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Thursday 19 April 2018

'No obvious marks' on human skull found in back garden - experts

The man who found a human skull in his back garden bought it to a south Dublin garda station (stock photo)
The man who found a human skull in his back garden bought it to a south Dublin garda station (stock photo)

Ken Foy and Robin Schiller

A man who found a male human skull in his back garden arrived at a south Dublin garda station with the skull in a bag after he made the grim discovery, it has emerged.

The man was carrying out work in his garden in the Killakee Grove estate in Firhouse when he discovered the skull in the roots of a tree that he was planning on tidying up, a source revealed.

He immediately stopped working, placed the skull in a bag and travelled to Rathfarnham Garda Station.

It is understood that the man had purchased the property within the past year.

Last night, sources said there were no "obvious marks" on the skull, which appeared to be still intact.

The Office of the State Pathologist and a forensic anthropologist have been informed and are assisting gardaí with their investigations.

A preliminary examination indicates that the skull is believed to be that of an adult male aged between 18 to 40.

It may have been in the ground for up to 70 years - or since the mid-1940s. However, it may also have been there for a period of anything over 15 years, a source said last night.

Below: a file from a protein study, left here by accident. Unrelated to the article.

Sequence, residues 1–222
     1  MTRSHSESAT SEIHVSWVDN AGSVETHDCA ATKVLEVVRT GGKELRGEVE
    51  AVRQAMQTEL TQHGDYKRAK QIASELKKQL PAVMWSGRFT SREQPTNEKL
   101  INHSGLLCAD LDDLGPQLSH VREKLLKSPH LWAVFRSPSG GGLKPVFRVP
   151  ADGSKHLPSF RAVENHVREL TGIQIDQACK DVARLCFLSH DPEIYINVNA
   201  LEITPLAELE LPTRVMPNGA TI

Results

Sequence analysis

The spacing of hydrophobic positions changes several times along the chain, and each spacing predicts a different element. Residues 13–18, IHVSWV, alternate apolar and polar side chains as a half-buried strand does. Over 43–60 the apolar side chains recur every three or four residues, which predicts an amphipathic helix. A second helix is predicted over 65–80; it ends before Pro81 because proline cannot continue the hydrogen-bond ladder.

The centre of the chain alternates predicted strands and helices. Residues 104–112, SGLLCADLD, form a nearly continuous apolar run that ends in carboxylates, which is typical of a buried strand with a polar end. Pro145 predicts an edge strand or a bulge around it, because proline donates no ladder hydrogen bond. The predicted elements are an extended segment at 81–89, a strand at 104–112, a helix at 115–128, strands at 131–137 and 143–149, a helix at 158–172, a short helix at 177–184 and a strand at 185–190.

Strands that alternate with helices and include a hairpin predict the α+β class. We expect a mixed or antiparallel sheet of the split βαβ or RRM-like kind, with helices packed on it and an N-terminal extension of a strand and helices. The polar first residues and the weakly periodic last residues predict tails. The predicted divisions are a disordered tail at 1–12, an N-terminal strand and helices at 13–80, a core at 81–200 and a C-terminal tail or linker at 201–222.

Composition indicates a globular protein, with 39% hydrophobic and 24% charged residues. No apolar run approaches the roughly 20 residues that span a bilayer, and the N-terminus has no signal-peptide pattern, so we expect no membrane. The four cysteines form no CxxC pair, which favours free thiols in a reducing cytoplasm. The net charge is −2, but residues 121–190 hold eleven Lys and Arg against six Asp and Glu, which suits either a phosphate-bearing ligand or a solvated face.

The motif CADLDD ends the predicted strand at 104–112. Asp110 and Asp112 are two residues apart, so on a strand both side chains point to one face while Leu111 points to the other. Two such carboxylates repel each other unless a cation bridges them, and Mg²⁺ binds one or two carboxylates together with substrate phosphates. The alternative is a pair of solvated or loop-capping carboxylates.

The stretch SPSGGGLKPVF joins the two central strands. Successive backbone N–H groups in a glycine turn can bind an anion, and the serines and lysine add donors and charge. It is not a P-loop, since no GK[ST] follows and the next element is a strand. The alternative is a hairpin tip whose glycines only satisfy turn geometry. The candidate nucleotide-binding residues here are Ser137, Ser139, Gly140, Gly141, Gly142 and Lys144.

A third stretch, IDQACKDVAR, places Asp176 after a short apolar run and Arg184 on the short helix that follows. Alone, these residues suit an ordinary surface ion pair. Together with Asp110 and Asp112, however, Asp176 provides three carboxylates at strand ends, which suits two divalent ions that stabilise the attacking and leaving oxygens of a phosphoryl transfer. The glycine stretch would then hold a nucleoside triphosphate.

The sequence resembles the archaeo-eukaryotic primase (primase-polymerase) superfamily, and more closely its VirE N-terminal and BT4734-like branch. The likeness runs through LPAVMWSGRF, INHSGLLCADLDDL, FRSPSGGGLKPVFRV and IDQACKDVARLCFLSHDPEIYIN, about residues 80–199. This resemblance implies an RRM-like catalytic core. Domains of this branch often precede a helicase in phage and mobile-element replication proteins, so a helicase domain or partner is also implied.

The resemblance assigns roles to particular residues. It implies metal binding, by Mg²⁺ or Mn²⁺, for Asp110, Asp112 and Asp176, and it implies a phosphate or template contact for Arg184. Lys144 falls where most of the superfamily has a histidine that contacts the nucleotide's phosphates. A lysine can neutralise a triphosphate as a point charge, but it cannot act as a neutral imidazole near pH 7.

The scene has been preserved for technical examination as investigations continue and specialist gardaí carry out their inquiries.


Part of the investigation will involve a review of missing person records.

However, at this early stage of the investigation, no link to any such person has been made.

A neighbour told the Irish Independent that he saw gardaí enter the property late on Tuesday, and the house was cordoned off until yesterday afternoon.

Gardaí have ruled out any link between the discovery and missing schoolboy Philip Cairns, who disappeared without a trace from his home on the nearby Ballyroan Road in October 1986.

Irish Independent

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